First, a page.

Finding inspiration: Marlene Dumas

Hi there polkadot,

When this post is published, I’ll be enjoying my holiday in Metz, France.  I’m going to visit Nancy and eat up all the luscious Art Nouveau there.  Be sure to check out my instagram account for pictures.

Today I want to share with you my most recent lesson in the Love Art Happy Life e-course. Again a new female artist to discover: Marlene Dumas! This is a working artist who resides in Amsterdam.  To be honest, I know a little of modern artists in Belgium, but further then our borders I’m pretty much in the dark.  So it’s nice to discover a new name and her work of course.

Ivy Newport hosted this lesson.  Five minutes in the video I knew it: this is going to be a real challenge.  When you look at Marlenes work, you can’t help but notice it isn’t ‘pretty’.  There is much emotion and therefor you can call the work beautiful if it speaks to you, but pretty it is not.

Naomi, 1995_original

Is this a problem?  No, it certainly isn’t, but if you come from card making and/or scrapbooking, creating something this raw and ‘ugly’ can be quite the challenge. Watching Ivy going through her process, I couldn’t help but think: ‘oh no, don’t do that!  You’ll ruin it!’  When in fact, there is no such thing a ruined art. There simply isn’t.  If it is something you do not like, maybe you can keep going, or you would have learned a lesson.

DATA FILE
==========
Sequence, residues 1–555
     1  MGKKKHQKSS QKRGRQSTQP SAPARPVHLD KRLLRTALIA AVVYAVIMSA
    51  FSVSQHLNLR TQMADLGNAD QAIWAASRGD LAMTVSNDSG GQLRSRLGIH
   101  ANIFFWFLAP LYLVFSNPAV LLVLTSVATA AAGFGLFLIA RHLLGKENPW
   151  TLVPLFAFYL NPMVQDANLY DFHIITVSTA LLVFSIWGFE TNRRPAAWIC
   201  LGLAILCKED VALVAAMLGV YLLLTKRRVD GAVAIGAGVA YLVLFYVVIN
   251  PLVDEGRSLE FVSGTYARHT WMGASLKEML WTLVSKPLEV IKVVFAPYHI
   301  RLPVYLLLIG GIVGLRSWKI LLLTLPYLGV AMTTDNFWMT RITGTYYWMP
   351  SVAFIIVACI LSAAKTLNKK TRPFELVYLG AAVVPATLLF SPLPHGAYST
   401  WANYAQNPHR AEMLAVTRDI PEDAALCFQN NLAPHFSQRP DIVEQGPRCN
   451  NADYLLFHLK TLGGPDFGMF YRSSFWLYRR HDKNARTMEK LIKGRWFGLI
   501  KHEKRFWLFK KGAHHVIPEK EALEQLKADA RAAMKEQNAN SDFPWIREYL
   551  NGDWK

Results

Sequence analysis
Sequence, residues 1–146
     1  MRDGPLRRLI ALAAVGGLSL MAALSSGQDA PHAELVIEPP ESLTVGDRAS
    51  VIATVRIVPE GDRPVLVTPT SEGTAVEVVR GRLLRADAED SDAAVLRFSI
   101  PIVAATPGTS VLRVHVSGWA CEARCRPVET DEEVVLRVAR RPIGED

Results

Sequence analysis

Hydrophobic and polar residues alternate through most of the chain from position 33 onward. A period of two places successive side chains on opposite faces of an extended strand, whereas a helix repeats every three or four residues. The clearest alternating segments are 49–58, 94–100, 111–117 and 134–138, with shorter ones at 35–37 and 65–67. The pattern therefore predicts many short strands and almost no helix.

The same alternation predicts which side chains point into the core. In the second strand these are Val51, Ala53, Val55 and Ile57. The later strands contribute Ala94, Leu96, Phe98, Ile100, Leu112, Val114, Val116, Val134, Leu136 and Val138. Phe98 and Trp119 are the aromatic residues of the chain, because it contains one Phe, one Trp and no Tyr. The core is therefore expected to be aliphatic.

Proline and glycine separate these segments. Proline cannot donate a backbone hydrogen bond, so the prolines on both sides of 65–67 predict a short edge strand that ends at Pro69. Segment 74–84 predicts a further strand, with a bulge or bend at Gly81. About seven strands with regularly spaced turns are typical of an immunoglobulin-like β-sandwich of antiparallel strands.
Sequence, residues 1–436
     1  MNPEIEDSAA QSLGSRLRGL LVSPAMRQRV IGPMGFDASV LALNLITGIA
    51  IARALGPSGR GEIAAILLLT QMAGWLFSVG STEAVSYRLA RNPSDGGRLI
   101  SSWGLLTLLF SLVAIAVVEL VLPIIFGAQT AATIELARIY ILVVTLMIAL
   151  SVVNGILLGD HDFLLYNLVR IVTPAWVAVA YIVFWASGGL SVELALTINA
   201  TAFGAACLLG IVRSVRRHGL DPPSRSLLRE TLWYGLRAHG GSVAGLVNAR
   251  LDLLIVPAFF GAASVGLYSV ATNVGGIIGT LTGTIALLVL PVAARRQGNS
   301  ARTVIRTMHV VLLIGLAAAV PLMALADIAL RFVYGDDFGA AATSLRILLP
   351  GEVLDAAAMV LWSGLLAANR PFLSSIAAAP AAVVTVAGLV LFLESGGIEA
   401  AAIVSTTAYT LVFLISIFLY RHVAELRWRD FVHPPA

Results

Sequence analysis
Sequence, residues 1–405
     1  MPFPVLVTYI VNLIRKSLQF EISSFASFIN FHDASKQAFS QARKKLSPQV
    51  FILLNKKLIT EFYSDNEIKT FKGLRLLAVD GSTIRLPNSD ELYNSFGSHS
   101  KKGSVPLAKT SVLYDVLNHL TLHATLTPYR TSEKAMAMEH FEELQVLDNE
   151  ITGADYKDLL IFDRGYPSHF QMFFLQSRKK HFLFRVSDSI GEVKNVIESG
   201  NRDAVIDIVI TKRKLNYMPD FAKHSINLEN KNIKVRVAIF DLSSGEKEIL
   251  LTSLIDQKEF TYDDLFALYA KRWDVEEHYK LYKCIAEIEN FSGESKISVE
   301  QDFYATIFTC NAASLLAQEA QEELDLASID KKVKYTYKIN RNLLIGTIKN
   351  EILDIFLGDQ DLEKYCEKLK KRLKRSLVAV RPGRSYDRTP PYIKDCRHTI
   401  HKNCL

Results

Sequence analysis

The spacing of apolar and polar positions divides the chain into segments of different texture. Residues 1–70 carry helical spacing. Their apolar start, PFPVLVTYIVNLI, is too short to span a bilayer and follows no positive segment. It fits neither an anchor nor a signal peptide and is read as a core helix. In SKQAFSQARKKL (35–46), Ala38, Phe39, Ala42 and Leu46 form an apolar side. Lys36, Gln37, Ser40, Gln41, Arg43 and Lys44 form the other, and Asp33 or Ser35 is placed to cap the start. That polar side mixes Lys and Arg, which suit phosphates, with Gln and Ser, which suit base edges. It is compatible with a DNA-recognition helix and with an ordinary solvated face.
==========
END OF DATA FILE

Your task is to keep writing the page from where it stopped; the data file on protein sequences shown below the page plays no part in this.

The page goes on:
For these works I didn’t use much: clear gesso, regular white gesso, charcoal pencils, some refill ink and gelato’s.



These are my two portraits.  They are far from the intensity of Marlenes work, but it was a first step.  And weird enough, it was freeing to go into the portraits.  I used my fingers to blend out and i really enjoyed that feeling.

I still have to learn much about doing portraits, about emotion in your work. This will count as the first step of letting go of the ‘pretty’!

Talk to you soon!


4 thoughts on “Finding inspiration: Marlene Dumas

  1. Wow! These are wonderful, Krisje! It’s all in the eyes. You’ve allowed the focus to be on the eyes and they are incredibly intense, engaging and evocative in both cases. I love the way the softness elsewhere contrasts with and highlights the sharpness of the eyes. Superb!

    Liked by 1 person

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